WASHINGTON (AP) _ President Clinton maintained a social and fund-raising relationship with the head of a union after the FBI told the White House counsel's office the labor leader had ties to organized crime, documents show.

But a former FBI official testified Wednesday that the Laborers' International Union, headed by Arthur A. Coia, got no special deal in its anti-corruption agreement with the Justice Department. Under the 1995 agreement, the union began to weed out alleged mob lieutenants from its ranks and hold direct elections of its officers in order to head off criminal prosecution.

Republicans began to raise questions about whether the agreement was too soft after Coia was seated at Clinton's table at a Democratic fund-raising gala last May. Coia is on the executive council of the AFL-CIO, which plans to spend $35 million on politics this election year and opposes much of the Republican agenda.

Coia's union contributed $1.1 million to Democratic candidates in the 1994 elections. Clinton gave Coia a golf club in a 1994 Oval Office meeting, and Hillary Rodham Clinton addressed a laborers union conference the same year.

At a politically charged hearing Wednesday by the House Judiciary subcommittee on crime, Chairman Bill McCollum, R-Fla., called the Justice Department agreement ``unprecedented and historic.''

A ``dramatic change in tactics'' allowed the laborers union ``to rid itself of mob influence and left its president, Arthur Coia, to do it,'' McCollum said. He called Coia ``a major Democrat figure'' with ties to Clinton.

McCollum and other Republicans also questioned why the Justice Department had not removed Coia as union president when the agency had alleged that Coia was controlled by the mob and accused him of racketeering.

Administration officials note that the deal was hammered out by two career Justice Department prosecutors and that it has already led to the removal of, or charges against, 46 laborers union officials and members.

``There is not a single shred of evidence'' that any White House officials tried to influence the federal prosecutors, said Rep. Charles Schumer of New York, the subcommittee's senior Democrat. ``The Republican leadership is out to get organized labor,'' he said. ``This hearing is based on innuendo and guilt by association.''

AFL-CIO Secretary-Treasurer Richard Trumka, who was observing the hearing, said the Republicans were using it as a political weapon against organized labor. ``They're trying to silence us and they will not succeed,'' Trumka said in an interview.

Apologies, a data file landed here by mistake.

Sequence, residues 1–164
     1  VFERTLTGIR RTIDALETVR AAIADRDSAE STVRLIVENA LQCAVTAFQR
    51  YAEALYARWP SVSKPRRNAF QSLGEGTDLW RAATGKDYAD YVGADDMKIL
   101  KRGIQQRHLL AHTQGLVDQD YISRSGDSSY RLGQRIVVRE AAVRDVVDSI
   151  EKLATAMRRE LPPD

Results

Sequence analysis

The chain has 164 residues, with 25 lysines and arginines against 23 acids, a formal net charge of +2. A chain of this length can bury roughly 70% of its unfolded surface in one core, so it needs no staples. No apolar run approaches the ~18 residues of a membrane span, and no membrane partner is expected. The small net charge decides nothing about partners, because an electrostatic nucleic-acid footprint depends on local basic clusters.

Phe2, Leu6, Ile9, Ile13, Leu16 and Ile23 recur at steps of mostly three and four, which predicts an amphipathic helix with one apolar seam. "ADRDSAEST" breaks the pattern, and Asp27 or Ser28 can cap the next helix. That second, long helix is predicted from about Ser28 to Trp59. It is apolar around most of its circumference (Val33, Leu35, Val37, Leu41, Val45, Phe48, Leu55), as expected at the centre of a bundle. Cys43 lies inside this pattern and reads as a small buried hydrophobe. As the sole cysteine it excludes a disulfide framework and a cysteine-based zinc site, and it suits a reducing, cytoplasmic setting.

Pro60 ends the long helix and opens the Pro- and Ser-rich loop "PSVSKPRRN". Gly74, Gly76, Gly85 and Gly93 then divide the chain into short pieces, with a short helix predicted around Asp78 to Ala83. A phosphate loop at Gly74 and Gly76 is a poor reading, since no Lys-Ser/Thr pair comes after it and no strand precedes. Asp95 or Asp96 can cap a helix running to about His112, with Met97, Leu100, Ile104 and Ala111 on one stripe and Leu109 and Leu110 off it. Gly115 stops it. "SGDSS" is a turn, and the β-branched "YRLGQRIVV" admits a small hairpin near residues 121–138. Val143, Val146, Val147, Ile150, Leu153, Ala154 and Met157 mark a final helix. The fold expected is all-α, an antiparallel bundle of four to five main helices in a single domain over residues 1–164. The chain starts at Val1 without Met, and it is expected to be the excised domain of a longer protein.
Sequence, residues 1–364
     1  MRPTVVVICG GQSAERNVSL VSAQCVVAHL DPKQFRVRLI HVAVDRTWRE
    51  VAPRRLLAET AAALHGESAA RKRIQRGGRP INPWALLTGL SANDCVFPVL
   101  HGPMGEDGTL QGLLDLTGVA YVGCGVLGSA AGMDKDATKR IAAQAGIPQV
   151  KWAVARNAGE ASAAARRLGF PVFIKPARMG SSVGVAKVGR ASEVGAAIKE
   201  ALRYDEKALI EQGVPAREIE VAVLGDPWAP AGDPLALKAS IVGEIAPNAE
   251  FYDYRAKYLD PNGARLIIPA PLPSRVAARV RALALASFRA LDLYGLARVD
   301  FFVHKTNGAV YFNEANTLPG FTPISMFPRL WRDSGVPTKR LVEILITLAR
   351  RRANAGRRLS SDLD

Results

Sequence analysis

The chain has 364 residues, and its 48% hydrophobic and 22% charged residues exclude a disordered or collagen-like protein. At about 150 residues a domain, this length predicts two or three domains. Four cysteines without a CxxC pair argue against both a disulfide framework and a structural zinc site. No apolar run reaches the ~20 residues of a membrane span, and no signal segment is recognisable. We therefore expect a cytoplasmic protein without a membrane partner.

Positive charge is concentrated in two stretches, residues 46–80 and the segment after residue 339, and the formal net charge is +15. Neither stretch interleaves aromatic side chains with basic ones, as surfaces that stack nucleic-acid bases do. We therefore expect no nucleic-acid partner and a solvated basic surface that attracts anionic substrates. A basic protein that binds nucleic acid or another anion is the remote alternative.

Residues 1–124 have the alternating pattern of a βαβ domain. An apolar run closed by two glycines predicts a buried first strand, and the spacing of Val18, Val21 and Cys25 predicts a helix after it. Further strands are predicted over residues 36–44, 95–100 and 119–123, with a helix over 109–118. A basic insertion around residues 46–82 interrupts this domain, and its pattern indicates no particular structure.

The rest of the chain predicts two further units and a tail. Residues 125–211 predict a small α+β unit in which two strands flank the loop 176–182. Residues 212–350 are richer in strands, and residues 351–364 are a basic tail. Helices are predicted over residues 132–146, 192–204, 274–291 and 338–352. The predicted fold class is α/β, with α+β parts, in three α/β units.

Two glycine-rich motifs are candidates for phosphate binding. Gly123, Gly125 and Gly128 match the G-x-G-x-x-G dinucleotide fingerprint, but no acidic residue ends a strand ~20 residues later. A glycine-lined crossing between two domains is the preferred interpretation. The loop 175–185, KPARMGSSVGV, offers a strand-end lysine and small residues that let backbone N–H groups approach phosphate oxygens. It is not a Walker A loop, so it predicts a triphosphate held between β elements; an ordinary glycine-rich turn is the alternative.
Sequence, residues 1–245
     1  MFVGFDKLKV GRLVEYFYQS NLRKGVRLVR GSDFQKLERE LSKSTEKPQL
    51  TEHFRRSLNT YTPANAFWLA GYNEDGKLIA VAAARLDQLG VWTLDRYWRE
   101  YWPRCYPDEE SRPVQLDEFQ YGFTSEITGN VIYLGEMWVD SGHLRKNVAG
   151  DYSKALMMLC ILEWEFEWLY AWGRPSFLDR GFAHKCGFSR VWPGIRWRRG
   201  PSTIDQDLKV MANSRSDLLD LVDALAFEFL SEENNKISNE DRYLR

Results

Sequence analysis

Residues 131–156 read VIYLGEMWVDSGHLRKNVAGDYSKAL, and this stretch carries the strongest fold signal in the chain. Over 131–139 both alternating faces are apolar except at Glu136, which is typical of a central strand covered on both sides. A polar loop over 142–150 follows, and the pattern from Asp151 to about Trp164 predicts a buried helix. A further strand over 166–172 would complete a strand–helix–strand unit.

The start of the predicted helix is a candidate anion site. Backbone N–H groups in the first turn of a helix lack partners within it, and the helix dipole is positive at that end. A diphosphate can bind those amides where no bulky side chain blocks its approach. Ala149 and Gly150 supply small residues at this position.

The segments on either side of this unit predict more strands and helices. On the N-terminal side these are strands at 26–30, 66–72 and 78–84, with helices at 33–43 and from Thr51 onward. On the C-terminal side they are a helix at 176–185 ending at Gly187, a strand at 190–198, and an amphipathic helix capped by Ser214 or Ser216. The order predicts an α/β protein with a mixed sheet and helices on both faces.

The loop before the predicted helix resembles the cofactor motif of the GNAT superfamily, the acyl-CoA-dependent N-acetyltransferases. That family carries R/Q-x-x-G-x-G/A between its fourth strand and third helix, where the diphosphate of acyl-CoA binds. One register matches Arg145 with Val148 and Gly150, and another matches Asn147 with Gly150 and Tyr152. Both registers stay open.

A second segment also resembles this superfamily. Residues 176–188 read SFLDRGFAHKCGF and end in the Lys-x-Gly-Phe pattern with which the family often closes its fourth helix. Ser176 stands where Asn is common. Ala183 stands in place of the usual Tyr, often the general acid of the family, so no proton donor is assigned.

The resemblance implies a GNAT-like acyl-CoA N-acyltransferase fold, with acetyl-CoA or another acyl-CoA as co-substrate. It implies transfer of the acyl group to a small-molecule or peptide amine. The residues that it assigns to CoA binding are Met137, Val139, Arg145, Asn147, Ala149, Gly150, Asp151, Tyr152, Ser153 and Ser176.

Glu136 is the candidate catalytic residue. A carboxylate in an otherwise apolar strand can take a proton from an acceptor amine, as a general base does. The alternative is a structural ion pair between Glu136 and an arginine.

Justice Department spokesman Jim Sweeney called the hearing ``clearly a political charade.''

Schumer asked witness Jim Moody, former deputy assistant director of the FBI's criminal investigations division, whether the union's agreement with the government was a ``sweetheart'' deal.

``No,'' Moody replied, saying it was ``different'' from the customary agreement but did not involve special treatment.

Queried by Schumer about the possibility of the Justice Department prosecutors having been improperly influenced by the White House, Moody said he believed that was impossible for each of them, as Schumer named them one by one.

In 1994, the White House counsel's office requested a preliminary FBI review of Coia, who was being considered for an appointment by Clinton to the National Skills Standards Board, according to documents obtained Wednesday by The Associated Press.

The FBI provided the information to the White House on Oct. 7, 1994, saying in a brief report that Coia ``is a criminal associate of the New England Patriarca organized crime family'' and that he was one of the subjects of an FBI criminal investigation from 1977 to 1984.

In addition, the FBI report said, Coia was currently a subject in a civil investigation by the bureau. ``It is important to note that Mr. Coia has no knowledge of this information,'' it said. ``Caution should be exercised in discussing information relating to this matter, as any disclosure of the investigation could jeopardize the investigation.''

Coia was not appointed to the presidential commission.

Later that month, on Oct. 20, Coia attended a Democratic National Committee dinner with the president, a list of correspondence released by the subcommittee shows. Coia attended a dinner at the White House a few days later.

White House spokeswoman Mary Ellen Glynn had no immediate comment on the matter. Abner Mikva, who was the White House counsel at the time, couldn't be reached for comment.

But Mikva recently told subcommittee aides in an interview that he did not recall anyone in the White House bringing the FBI report to his attention, said a subcommittee source who spoke on condition of anonymity.

The subcommittee also heard testimony by Ronald Fino, a former FBI informant and business manager for the laborers union local in Buffalo, N.Y. In a dramatic gesture, Fino was brought into the hearing room with a cloak covering his head and was hidden from public view by three partitions as he testified. The committee identified Fino by name but said he wanted to testify from behind the partitions because he didn't want his picture taken.

``You cannot become a general president, nor an international officer of (the laborers union) without mob approval,'' Fino said. ``Its rule has always been absolute.''

Democrats and the laborers union challenged Fino's credibility. They said he had been the paid source for a story in a supermarket tabloid, The Globe, saying that O.J. Simpson had drug links to the mob. The July 1994 cover story was titled ``O.J. Didn't Do It!''